NLC Leaders Laud Proposal to Fix Stormwater Management Regs

Article excerpt

Following intensive consultation with state and local governments and other interested parties, Transportation and Infrastructure Committee chair, Rep. Bud Shuster (R-Pa.) and 15 bi-partisan co-sponsors announced the introduction of a revised Clean Water Act proposal. The new version of H.R. 961, a measure which would reauthorize and amend the Clean Water Act was announced at a press conference held last Wednesday.

Participating in the session for the nation's cities and towns were NLC First Vice President, Mayor Greg Lashutka of Columbus, Ohio and Mayor Lucy Allen of Louisburg, N.C., a member of NLC's Board of Directors.

"It is indeed fitting and appropriate that we are here on Capitol Hill today--as President Clinton is about to sign the unfunded mandates bill affecting future mandates--lending our strong support to proposed amendments" to an existing, untenable mandate, the municipal stormwater management program, Mayor Lashutka said.

Both he and Mayor Allen--who pointed out that the average $625,000 cost of obtaining a municipal stormwater permit was more than her town's receipts from its ad valorem tax--expressed their appreciation for the committee's recognition of the importance of involving state and local governments in a new partnership to craft legislation.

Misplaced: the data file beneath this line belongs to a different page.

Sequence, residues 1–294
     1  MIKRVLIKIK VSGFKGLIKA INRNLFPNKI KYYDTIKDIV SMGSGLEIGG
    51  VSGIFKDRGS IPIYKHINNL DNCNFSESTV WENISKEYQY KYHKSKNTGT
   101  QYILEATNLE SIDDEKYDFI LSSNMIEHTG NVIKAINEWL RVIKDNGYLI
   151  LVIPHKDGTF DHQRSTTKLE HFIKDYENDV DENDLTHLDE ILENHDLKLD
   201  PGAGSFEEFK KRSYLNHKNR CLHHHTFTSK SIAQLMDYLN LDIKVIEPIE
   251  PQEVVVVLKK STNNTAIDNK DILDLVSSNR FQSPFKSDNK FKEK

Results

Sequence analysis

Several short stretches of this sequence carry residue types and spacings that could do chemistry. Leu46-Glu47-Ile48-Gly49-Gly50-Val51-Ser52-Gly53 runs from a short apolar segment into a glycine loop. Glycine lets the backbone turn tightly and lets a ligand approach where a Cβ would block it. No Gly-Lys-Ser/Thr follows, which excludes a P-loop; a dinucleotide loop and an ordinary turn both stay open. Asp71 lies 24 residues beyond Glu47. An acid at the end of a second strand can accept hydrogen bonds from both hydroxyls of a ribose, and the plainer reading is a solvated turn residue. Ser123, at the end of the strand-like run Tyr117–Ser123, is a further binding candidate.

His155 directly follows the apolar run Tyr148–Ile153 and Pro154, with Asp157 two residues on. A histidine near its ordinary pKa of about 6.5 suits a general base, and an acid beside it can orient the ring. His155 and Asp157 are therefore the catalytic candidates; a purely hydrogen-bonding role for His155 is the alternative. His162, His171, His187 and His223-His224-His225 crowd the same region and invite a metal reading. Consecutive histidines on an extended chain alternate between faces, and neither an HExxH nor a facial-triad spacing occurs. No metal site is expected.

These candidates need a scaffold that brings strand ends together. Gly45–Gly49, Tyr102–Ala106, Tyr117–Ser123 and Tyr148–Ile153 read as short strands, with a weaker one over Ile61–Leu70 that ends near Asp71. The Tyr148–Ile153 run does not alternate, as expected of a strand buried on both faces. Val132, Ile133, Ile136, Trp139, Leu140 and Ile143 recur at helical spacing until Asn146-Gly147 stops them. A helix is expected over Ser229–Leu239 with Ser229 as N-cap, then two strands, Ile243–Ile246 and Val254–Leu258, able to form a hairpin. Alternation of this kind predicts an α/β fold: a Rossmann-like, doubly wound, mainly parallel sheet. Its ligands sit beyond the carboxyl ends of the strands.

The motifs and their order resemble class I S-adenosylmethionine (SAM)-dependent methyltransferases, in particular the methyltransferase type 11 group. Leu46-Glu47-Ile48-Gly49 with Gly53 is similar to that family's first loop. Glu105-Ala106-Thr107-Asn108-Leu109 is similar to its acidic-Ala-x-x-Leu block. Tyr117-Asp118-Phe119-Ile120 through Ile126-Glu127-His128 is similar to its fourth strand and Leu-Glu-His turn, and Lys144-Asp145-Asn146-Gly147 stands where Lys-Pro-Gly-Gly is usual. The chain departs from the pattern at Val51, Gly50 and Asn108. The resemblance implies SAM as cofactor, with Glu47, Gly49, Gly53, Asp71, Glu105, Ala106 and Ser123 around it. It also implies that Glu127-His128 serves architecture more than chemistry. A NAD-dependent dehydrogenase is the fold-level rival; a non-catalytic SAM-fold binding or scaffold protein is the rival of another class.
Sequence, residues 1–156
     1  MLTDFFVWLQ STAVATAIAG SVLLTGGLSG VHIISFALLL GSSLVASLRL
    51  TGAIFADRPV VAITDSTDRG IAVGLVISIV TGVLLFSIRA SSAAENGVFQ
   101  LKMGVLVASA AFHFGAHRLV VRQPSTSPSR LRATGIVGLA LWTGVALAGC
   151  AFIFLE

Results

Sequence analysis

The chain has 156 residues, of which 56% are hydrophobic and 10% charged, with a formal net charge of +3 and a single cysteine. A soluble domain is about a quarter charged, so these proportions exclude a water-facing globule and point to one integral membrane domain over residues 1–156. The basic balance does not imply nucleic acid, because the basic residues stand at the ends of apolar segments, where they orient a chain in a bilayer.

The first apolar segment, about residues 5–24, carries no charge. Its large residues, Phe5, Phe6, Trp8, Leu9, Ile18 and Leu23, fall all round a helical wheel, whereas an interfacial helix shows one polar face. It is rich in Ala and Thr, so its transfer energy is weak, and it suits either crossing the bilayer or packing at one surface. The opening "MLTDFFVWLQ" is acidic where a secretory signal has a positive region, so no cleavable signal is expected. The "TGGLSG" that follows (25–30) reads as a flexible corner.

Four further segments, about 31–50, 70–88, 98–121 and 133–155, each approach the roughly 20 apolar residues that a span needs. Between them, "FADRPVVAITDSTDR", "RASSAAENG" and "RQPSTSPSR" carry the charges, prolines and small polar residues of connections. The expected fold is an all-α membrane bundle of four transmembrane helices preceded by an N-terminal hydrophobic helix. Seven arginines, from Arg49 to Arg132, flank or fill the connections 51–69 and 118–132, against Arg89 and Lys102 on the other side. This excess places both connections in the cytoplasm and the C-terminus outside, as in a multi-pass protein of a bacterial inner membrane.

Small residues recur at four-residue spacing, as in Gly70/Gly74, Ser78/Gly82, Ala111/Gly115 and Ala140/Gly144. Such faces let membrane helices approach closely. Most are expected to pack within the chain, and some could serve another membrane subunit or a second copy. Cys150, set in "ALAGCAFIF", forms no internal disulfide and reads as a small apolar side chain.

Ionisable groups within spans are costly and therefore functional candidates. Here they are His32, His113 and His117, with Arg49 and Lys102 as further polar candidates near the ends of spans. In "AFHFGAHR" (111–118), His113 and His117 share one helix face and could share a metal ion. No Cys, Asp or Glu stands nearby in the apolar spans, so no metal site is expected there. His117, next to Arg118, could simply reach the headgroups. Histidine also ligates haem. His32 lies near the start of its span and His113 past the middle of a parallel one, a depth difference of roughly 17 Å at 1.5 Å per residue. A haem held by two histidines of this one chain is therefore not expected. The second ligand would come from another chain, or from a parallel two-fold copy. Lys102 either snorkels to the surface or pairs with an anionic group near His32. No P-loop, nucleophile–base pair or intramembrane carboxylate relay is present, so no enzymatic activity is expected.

NLC was principally involved in development of the stormwater provisions of the new bill--provisions which would repeal the current stormwater management program for all cities and substitute a state-by-state process similar to one now used for controlling pollutants from non-point sources such as run-off from agricultural, sylvicultural and ranching activities.

Under the proposed revisions, states would be required to assess the rivers and streams within the state, determine which sources of pollution contribute to degradation of these water bodies or prevent attainment of water quality standards, and identify measures and programs to control pollution from stormwater run-off.

States would then be required to develop, in consultation with local governments, a management plan which would identify management practices and measure to reduce pollution from stormwater run-off with a view to attaining the goal of meeting water quality standards' within the next 19 years. …